• Carey Nieuwhof on October 24, 2018 at 11:39 am

      Thanks Steve. So glad you’re stepping into leadership. The church needs fresh, young leaders with hearts for God and a desire to grow deep.

  18. JoAnn on October 24, 2018 at 9:24 am

    Carey,
    Thank you for your words of wisdom. In a world where to often things become quick and shallow you gave some very thoughtful points on how to live a life that is deep and has meaning. I needed to hear it today and plan to write these points down and review them often.

    In reply to the above comment: I don’t believe we are putting men and women who live a life worth following on pedestals. All through the ages there have been people that we look to for examples. Some teach us courage, some teach us endurance, some teach us humility- all were flawed because they were human. If you need and example of God’s list of hero’s I suggest Hebrews 11.

    Thank you again Carey. God bless!

    • Carey Nieuwhof on October 24, 2018 at 9:25 am

      Great point Joanne. I think what makes Eugene Peterson so refreshing is I’m not sure he ever saw himself on a pedestal or put himself on one.

    • Rudy Schellekens on October 24, 2018 at 9:30 am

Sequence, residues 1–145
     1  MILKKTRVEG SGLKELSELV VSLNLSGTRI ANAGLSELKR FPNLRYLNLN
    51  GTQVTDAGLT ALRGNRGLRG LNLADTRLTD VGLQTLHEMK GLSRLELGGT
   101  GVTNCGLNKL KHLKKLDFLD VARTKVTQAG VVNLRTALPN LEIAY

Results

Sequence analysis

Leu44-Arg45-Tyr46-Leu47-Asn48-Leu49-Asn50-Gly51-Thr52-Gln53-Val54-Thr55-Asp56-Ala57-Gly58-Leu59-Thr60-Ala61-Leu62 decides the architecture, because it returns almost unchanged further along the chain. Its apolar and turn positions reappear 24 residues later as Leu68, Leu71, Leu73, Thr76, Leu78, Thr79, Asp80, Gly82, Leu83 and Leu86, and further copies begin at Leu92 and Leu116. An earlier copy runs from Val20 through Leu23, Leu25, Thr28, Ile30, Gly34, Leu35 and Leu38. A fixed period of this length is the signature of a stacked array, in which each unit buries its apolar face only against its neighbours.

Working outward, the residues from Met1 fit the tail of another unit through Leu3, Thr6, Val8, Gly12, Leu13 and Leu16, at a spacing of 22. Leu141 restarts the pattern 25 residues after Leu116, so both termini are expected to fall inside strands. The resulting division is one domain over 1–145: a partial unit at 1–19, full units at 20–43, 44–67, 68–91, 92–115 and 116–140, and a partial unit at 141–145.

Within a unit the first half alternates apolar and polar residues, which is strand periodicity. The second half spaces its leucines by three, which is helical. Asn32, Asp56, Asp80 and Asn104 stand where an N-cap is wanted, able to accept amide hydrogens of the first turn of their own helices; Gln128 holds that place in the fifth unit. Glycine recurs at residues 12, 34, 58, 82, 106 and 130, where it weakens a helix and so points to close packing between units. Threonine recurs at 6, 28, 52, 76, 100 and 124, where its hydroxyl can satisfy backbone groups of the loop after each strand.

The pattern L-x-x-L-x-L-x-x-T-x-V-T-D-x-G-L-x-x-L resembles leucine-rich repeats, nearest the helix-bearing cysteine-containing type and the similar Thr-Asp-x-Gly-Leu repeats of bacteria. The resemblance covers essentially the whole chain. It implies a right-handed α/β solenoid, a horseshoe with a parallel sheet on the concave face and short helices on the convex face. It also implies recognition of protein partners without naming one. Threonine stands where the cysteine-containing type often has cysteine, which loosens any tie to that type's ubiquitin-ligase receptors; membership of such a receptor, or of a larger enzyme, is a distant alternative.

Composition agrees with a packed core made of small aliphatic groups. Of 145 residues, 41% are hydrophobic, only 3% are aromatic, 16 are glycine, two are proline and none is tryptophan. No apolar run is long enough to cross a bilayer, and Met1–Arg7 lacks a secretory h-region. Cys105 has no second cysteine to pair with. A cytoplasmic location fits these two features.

And yet, in that entire list, there is no admonition to follow the example of those listed… I DO know, though, that there is an imperative to emulate God – Be perfect, as your Father in heaven is perfect. Be holy, as God is holy. Imitate God.. (Matthew, 1 Peter and Ephesians 5).
      And yes, the people have been placed on pedestals – indeed not by themselves – but by those who admire them (and rightfully so, in many cases).
      So, maybe we should follow the other imitation statement then: Paul – Imitate me, as I imitate Christ…

  19. Jason Swan Clark on October 24, 2018 at 9:11 am

    Your best post yet. Thank you. Lord raise up some new giants who will go deep for us.

    • Carey Nieuwhof on October 24, 2018 at 9:14 am

      Thanks Jason.

  20. Chester Mitchell on October 24, 2018 at 8:56 am

    Carey: Thank you for your poignant post today. Sitting here thinking about the first time I read a book by Eugene Peterson (A Long Obedience In The Same Direction). I deeply appreciate your seven points. I plan to share them with my team.

    • Carey Nieuwhof on October 24, 2018 at 9:15 am

      One of the best titles ever, isn’t it?

  21. Rudy Schellekens on October 24, 2018 at 8:19 am

    With all due respect to Peterson, it is not right for us to place these men on such pedestals. Positive examples are good, but one does not need to be a Peterson, or Graham etc.
    Several reasons for my statement:
    Men, placed on pedestals, are looked upon as “special,” more special than the minister you see each week. The comparison between that person and those whom we consider “great” in the kingdom will cost.
    Men, placed on such pedestals, will be a greater negative impact when they do commit sin (The list is too long to place here). History teaches us that, if nothing else.